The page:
Sunday, June 2, 2013
Mike said it took about 20 minutes to mill and three toolchanges, so that's some rapid prototyping right there.
The actual board was a prototype I had already designed for milling on the donated Max NC mill that we resuscitated at Noisebridge. Bottom line: the OtherMill frankly did a better job than the $1000+ MAX NC, no doubt because of all the obvious hard work OtherFab folks put in optimizing materials, tooling, feed rates and the software toolchain.
Though it was one-sided, the board was really easy to solder: the holes drilled for the headers were just snug enough to support the pins with enough space to solder between the plastic headers and the board. The milling was deep enough that there was no problem with solder bridges without solder mask. I usually use a flux pen to solder bare copper but I didn't need it; I'm guessing Mike went over the board with a scotch-brite so the copper was clean and easily wetted.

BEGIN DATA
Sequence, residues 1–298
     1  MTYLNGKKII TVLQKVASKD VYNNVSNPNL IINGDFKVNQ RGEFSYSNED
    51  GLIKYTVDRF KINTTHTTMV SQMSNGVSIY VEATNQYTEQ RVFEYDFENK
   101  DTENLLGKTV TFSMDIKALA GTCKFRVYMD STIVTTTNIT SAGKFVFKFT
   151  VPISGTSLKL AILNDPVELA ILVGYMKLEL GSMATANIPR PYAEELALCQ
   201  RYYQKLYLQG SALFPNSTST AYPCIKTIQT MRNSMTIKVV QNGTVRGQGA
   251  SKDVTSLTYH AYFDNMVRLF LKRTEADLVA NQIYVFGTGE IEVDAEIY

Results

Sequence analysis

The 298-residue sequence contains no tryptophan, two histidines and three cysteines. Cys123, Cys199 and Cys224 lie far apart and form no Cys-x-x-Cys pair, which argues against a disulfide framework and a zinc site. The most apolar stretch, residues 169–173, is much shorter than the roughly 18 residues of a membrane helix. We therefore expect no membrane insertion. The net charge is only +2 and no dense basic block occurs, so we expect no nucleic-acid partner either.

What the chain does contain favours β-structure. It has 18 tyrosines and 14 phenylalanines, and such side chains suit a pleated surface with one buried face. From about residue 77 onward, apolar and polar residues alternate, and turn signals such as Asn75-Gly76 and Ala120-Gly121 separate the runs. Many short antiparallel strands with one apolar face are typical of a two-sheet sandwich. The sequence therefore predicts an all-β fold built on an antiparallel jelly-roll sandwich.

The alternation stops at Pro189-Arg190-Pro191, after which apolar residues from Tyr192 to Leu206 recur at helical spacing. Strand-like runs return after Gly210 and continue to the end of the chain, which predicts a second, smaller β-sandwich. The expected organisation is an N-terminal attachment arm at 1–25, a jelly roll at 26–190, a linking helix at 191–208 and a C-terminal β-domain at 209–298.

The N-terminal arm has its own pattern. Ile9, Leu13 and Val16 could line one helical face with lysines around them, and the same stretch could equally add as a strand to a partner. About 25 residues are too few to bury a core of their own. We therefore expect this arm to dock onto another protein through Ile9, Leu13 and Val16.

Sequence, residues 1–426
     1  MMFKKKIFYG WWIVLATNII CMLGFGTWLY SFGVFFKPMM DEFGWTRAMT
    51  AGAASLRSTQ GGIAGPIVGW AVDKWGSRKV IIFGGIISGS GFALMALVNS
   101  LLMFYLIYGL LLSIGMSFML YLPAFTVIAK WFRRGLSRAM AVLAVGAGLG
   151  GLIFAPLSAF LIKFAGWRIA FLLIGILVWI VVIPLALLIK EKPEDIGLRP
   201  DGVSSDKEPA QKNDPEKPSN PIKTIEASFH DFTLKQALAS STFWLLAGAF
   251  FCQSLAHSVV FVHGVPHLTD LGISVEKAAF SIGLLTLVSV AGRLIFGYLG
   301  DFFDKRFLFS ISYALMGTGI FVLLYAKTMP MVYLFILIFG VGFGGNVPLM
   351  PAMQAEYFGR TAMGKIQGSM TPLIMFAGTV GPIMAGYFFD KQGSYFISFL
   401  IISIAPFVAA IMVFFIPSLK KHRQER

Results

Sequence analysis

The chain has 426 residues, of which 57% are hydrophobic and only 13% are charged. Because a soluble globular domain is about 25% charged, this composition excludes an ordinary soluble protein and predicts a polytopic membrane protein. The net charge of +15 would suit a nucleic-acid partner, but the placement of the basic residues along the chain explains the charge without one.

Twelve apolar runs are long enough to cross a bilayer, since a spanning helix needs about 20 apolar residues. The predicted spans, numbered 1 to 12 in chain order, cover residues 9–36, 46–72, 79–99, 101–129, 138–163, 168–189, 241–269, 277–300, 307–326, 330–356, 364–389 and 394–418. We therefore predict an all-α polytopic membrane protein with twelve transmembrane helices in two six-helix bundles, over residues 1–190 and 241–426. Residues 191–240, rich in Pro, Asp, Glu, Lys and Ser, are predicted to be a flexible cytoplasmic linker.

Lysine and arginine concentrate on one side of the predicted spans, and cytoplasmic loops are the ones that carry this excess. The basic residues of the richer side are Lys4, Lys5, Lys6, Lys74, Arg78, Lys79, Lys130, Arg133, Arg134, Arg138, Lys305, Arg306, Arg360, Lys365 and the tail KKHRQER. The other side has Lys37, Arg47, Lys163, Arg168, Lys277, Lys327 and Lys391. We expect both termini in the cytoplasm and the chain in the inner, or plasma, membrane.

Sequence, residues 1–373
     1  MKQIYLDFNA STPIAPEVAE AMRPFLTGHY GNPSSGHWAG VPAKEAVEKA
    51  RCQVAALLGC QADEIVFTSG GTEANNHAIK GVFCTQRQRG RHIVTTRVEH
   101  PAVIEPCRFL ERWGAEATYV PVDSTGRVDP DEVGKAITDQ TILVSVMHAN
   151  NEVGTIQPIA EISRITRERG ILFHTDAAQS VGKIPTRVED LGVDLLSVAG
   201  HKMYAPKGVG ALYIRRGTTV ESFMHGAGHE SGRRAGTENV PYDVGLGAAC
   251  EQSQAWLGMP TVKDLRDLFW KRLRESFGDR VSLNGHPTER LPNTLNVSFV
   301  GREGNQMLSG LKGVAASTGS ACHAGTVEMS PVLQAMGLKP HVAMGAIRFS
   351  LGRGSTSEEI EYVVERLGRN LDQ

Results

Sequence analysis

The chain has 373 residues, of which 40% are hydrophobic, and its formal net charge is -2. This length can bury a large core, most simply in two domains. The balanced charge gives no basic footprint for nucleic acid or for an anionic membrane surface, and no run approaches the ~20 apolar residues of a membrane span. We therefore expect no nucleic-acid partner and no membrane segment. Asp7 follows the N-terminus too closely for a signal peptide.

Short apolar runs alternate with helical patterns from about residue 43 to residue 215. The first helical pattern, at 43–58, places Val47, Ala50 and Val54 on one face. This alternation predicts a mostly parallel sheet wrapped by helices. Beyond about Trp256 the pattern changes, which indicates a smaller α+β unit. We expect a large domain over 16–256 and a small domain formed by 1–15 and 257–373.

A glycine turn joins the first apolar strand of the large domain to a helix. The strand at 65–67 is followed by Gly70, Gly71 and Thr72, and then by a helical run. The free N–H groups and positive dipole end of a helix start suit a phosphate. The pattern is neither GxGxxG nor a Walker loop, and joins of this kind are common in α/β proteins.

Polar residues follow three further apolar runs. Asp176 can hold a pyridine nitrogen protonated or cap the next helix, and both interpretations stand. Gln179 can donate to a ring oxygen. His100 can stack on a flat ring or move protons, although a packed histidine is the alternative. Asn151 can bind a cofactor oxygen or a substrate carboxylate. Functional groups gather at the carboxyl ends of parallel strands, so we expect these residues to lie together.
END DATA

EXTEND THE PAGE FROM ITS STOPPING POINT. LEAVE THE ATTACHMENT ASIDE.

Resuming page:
I will go into more detail later on the board and the firmware/software, but it's a straightforward design for an architectural lighting installation. The board uses a ATTINY2313 microcontroller to decode serial commands and send PWM signals to a ULN2808 Darlington driver chip to control 12 volt LED light strips. Each of the three driver channels (for red, green, and blue) can sink about an amp of current and so it can drive several meters of LED strip. The serial input comes from a 75176 differential driver and is thus compatible with RS-485 and RS-422 for long data runs.
I'm particularly proud of the firmware, which does smooth and time-controllable fades between color commands as you can see in this video.
This is an open hardware design and I will be uploading files and firmware to github Real Soon Now for all to share & enjoy.
If you think this fabrication method is as fabulous as I do, go support them on Kickstarter!
Update: The Othermill is now called the PCB Milling Machine and made by Bantam Tools